Our trip has in many ways been a pub-crawl progression from one bookstore to the next, and even to a few stores that are simply second-hand curio shops with a few books in the basement. I personally approve of this method for organizing a trip. In my opinion, the perfect vacation would be in a city that is absolutely overflowing with interesting bookstores and cafes, with mountains nearby so you can enjoy hiking in between the book shopping. My friends agree wholeheartedly, making us about the most concentrated source of nerdness Taipei has seen this season. Before we got to the snack food street yesterday, for example, we were waking along with no particular direction or goal, taking in the sights, when I spotted a sign from across the road and pointed. “Bookstore!” I yelled. Eight heads whipped towards the shop I had pointed out. I half-expected to look up on the roof and see someone wearing horn rimmed glasses and carrying a dog-eared copy of Gravity’s Rainbow blowing a conk shell to summon all nerds to the conclave. We dashed across the street like a pack of hounds on the scent of a deer, probably even making some of the same eerie high-pitched squeals my old dog Polly used to make when she took off after something. This kind of nerdness crosses cultures, and even languages. If you’ve dedicated yourself to the humanities, particularly literature, there’s something about a bookstore that is impossible to resist. And it doesn’t even matter if you don’t understand anything in it. It helps, of course, but it’s not the key thing. I would get excited walking into a bookstore selling works entirely in classical Farsi, and my classmates are no different. Here, my impulse has been merely to stock up on some items I would be hard-pressed to find in the U.S. or the mainland, but given how long it takes me to finish one book, I don’t ever expect to work through everything I buy. I look at it in the light of future interests. I want to have these things on hand for my graduate work in the States. It really isn’t that crucial, though, because any program worth its salt would make sure you have everything you need. It’s a little different for my mainland friends.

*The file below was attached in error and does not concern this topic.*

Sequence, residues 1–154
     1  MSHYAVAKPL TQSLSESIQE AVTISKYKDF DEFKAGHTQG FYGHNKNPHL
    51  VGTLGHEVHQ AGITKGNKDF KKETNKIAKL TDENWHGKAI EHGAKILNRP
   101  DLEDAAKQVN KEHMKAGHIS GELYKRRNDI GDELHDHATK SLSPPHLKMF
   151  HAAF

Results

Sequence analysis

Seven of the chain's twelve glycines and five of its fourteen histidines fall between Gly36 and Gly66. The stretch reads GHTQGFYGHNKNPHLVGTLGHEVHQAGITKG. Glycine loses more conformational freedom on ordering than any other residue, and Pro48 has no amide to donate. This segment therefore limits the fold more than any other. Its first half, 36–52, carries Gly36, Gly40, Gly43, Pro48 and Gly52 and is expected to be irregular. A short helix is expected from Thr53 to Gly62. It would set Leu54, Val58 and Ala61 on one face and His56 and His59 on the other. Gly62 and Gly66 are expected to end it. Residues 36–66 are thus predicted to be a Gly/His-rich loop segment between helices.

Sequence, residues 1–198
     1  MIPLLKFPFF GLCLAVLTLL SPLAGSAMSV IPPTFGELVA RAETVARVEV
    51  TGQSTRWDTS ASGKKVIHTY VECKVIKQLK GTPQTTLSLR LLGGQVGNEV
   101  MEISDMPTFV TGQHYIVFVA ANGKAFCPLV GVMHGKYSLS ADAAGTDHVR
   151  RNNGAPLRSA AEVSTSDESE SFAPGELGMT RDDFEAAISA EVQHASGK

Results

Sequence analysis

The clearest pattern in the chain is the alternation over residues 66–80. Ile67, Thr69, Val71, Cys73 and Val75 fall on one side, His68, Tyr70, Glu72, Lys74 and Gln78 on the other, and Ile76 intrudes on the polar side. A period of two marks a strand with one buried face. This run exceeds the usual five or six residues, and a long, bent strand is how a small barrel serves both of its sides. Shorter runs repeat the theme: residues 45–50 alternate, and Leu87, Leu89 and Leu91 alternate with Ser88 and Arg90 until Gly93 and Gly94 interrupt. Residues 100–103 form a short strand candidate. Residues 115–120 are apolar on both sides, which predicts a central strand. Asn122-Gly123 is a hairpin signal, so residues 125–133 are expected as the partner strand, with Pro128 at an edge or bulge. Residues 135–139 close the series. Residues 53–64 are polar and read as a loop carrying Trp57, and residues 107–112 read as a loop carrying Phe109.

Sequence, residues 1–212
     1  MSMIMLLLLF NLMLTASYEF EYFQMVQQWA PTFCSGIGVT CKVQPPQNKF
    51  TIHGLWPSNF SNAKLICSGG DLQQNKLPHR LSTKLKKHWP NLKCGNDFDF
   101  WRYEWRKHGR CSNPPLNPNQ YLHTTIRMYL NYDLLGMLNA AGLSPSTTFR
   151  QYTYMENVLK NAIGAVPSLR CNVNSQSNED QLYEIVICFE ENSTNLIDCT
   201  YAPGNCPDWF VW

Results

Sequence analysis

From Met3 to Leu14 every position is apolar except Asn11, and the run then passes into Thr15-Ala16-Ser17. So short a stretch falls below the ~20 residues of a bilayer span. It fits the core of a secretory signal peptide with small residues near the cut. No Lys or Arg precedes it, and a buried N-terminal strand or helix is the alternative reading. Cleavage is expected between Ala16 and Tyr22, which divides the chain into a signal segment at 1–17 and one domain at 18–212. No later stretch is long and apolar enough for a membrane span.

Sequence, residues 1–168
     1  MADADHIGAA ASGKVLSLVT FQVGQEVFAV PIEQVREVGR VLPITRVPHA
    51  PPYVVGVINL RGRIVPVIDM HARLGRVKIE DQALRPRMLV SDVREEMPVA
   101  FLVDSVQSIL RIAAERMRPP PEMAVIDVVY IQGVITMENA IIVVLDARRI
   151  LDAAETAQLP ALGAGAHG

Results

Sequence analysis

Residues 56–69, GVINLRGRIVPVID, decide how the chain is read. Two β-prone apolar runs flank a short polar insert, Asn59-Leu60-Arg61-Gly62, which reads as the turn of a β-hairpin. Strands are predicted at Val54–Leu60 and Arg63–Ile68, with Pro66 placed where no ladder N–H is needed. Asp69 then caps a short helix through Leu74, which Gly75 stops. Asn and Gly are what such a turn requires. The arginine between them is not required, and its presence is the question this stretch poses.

Try imagining, if you will, that the U.S. government has completely banned about 50,000 of the most interesting books written in the country over the last 50 years. When I say banned, I mean they are NOWHERE to be found, unless you’re one of the lucky few who can find a place to download an illegal copy. You know of these books, and have at least read about some of the content, but there’s been no question of actually reading any of them. They’re like pirate gold. Then you’re sent on a university trip to Toronto, where you know every single one of these books is lurking somewhere. And sure enough, as you scour the stores in the city you see one title after another popping up in discount bins, on feature racks, and sandwiched in between random volumes in the basement of a store that also sells old ham radios and peculiar handbags. Try to imagine that you find, as Xuebin recently did, a three-volume set of one of the most famous pieces of fiction written in the past thirty years, and it only costs about $2.50. You’d probably hyperventilate. Xuebin did. He was delirious. One piece of pirate gold after another has been appearing as we hunt through the city. I gave up long ago even attempting to identify the writers whose works were being unearthed. I just stand back and watch the fur fly. About every five minutes I hear someone squeal and whip something off the shelf, drawing the rest of the group quickly over to admire and envy the discovery. I usually congregate with them, nod intelligently, then walk away to see if I can find something I recognize. Which I do only part of the time. I’ve got a pretty good working knowledge of the various movements and writers, but I’m not in the same league as my classmates. They’re playing for the Yankees and I’m playing for a suburban softball team. A very good suburban softball team, but a softball team nonetheless.